“There was nothing here before ‘New Nordic.’ It was our genesis gastronomically. We found our culinary language. We all need to be thankful of that. But I think that the kitchen scene here has outgrown the paradigm ”New Nordic”. The quest is not to imitate that continuously,” Victor of BROR explains. Matt Orlando agrees, adding the fact that foraging and having farm-based restaurants built upon local produce are nothing new. “The new thing was that people in this part of the world started to run kitchens that way,” he says, pointing out that in France or Italy and many other places, this was how cooking had been done for ages. He too believes that the Nordic Manifesto and the aim of developing a hyper-localized cuisine here pulled Nordic cooking from the dark ages. “It was the movement that changed everything here. It forced chefs and farmers to develop immensely. But now the question is – what’s next?“ he says.
A new culinary language?
The culinary direction that has been fostered by this group of chefs does not resemble the usual continental suspects France and Italy. Asia has now become the largest influence, says Orlando: “The fermentation, which is really dominant in many modern restaurants here, stems originally from Japanese food, but you see it in every Asian food culture. The way many chefs here make stocks – it is really more teas and infusion than classical stocks. Almost no one in this city associated with modern food will use meat based sauces. Good luck finding a demi-glace in Copenhagen in anything but French bistros”.
At Dragsholm Castle, Claus Henriksen calls his cuisine a “nature-conscious cuisine,” basing all his dishes on foods from the areas immediately surrounding around his castle. But that doesn’t really make his food Nordic – at least not any more: “A chef’s mission is to interpret nature through craftsmanship. The word “Nordic” has completely left my vocabulary, even though my kitchen has been heavily associated with that. My cuisine is a super-local one. But that really is how I’d do it anywhere in the world. There are people inspired by the “Nordic” cuisine in Australia, in California or in the Amazon. They are inspired by the food thinking, and the attention to wild nature. But they’re truly not Nordic – they’re Turkish, Australian or whatever. But we are still related and we think the same,” Claus states.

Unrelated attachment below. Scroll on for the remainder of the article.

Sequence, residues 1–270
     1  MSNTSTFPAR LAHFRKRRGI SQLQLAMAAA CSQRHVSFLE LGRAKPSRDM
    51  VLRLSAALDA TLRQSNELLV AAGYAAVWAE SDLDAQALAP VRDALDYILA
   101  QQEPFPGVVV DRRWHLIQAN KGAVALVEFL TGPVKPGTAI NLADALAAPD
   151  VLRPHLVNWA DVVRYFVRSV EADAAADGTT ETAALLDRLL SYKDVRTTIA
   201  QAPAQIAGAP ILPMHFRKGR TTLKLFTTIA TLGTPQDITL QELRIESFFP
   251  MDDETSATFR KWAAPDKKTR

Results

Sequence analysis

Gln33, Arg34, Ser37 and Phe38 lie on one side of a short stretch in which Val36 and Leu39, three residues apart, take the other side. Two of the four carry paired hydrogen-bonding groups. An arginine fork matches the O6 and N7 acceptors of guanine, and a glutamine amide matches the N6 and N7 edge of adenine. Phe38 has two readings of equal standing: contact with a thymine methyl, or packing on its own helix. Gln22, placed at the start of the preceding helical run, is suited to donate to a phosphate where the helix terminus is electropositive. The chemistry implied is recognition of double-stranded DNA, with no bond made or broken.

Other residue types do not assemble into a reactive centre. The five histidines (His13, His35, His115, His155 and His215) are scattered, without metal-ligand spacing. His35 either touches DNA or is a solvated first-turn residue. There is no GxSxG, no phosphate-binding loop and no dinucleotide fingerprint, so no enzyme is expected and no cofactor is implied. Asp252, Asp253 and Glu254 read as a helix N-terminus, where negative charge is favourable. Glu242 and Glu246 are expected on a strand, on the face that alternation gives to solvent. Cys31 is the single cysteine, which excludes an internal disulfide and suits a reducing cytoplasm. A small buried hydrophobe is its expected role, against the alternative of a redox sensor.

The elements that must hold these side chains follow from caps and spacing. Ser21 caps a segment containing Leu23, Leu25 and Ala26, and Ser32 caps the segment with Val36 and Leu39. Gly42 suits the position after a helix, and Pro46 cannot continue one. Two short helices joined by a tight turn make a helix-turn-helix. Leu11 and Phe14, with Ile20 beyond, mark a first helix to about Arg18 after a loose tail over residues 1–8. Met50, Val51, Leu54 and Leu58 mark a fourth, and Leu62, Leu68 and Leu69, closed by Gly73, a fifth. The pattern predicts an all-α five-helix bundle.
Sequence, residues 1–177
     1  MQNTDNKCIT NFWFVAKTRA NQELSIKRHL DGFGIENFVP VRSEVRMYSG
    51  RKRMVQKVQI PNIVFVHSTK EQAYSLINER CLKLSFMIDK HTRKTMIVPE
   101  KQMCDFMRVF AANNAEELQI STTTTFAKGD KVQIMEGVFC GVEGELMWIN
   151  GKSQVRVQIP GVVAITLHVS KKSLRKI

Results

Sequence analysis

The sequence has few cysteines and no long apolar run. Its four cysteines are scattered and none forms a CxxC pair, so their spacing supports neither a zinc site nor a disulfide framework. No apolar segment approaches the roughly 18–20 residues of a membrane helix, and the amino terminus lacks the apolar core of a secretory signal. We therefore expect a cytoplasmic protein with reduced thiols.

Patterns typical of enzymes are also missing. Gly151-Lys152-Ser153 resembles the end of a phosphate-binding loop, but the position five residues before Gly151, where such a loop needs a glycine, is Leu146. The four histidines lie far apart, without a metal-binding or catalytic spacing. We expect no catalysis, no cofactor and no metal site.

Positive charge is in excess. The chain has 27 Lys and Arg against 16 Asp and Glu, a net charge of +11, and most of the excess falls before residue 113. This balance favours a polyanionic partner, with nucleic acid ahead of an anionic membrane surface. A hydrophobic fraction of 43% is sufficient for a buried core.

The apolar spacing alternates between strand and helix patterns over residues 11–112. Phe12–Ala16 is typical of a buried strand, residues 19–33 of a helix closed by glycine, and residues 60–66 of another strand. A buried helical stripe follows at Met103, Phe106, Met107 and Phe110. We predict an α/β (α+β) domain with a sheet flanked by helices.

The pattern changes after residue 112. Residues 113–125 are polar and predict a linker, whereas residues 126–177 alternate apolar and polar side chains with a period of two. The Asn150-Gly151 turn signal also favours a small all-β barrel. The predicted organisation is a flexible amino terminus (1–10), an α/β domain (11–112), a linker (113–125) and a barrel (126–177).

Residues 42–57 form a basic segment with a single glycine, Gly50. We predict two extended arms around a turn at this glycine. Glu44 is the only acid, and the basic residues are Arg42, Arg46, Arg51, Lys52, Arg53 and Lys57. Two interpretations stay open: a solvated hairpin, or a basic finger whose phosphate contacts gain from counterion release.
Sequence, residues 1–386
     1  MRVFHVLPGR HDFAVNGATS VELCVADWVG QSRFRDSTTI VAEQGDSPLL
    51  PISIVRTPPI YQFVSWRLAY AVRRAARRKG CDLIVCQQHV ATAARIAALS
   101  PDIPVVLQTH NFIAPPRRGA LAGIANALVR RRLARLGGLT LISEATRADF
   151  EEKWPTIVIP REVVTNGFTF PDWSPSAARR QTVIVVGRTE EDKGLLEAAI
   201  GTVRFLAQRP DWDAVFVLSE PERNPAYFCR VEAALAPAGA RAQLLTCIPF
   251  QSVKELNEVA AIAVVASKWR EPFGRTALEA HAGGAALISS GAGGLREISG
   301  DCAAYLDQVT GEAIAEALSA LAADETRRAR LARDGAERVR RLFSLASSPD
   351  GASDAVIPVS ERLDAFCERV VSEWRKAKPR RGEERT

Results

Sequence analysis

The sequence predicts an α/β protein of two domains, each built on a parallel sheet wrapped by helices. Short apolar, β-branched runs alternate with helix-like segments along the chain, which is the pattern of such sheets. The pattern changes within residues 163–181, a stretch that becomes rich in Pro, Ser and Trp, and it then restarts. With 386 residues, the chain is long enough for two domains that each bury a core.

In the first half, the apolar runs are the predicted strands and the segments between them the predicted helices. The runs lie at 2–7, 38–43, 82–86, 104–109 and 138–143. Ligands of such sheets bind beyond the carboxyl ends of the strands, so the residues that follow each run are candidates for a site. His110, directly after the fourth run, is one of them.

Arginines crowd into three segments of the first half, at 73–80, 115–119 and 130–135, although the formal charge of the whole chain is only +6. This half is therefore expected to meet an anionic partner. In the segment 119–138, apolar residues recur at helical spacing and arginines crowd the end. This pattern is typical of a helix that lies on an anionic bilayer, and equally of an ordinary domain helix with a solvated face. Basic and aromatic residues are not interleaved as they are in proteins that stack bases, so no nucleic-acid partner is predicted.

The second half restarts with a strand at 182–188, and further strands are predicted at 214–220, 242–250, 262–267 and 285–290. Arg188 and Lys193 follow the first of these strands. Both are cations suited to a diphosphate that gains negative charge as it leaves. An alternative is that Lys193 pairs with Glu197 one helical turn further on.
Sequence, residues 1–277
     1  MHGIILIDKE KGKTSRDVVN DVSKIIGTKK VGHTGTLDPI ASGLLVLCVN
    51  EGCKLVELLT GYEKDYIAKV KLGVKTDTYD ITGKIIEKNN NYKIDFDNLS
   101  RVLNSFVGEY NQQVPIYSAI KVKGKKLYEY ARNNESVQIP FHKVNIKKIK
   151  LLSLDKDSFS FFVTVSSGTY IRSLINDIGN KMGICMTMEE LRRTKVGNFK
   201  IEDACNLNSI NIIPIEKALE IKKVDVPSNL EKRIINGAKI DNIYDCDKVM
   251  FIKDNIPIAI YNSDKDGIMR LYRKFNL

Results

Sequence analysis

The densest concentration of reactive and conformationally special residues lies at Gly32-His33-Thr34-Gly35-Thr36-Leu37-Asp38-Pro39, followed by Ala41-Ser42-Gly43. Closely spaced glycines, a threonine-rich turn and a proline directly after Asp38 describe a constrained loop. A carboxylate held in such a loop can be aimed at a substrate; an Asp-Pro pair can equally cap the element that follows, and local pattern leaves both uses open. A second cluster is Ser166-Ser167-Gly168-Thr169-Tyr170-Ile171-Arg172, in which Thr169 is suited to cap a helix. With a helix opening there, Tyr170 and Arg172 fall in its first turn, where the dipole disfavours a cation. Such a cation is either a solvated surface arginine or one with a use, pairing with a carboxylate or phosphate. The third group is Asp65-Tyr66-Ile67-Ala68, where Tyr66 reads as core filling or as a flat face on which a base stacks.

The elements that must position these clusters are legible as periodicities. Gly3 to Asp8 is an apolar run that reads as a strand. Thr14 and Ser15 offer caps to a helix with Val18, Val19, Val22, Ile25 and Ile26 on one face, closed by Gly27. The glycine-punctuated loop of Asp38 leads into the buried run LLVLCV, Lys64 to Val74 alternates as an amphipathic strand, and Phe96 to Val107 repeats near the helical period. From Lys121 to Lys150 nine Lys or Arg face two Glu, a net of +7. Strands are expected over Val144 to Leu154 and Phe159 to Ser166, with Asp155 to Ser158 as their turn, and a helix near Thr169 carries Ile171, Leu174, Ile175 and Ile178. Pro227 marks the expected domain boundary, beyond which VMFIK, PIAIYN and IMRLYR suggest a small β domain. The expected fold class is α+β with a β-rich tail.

The Nordic Marketing Machine
The way that big business has embraced the word “Nordic” also creates resentment among many chefs. Many products have tried to associate themselves with “New Nordic,” from politicians to Big Food. Even shampoo and deodorants are now available in “Nordic” varieties.
“I saw ‘New Nordic’ rye bread and I knew they were killing the word. Of course rye bread is Nordic, I mean, nobody else in the world eats rye bread except Scandinavians. It’s like saying Italian risotto. Of course it’s Italian, stupid. Now you have Nordic shampoo, Nordic diet, Nordic bloody everything,” Claus Henriksen says, stating that the commercial exploitation of the phrase has gone too far.
“In the States, Nordic just sounds exotic,” says Matt Orlando as he tries to explain the success of the term. He too finds the many iterations of the phrase odd. Orlando has guests that come inspired by something called the “New Nordic Diet”: “I don’t even know what that is. But apparently it was in Vogue Magazine,” he says, joking that no one made a “molecular cuisine” diet or “nouvelle cuisine” diet after other major movements in modern cooking. “Tons of things are labeled Nordic now. As a result it’s not really describing anything to do with the dining experience.”
What’s Next? Break the Mold
“We don’t need a new manifesto,” Victor Wågman says, looking forward to a blooming of a more diverse food culture: “We absolutely needed it. We grew on it, all of us. But I think we learned the things we needed to learn: Attention to nature, farming and the constant need to be curious, to keep working end developing. So – what’s next? That’s the question“.
Orlando agrees. For him there needs to be more attention to flavor and less to process – like foraging or dogmas. “A group of really talented chefs have developed a new way of thinking about food up here in the last ten years. The flavors are different, the approach is different. When you come here and eat in these restaurants, like BROR, Noma, Dragsholm or Christian Puglisi’s Relæ, you find a different food language than anywhere else. It’s about developing that approach to food. And more and more chefs are not afraid to break the mold.”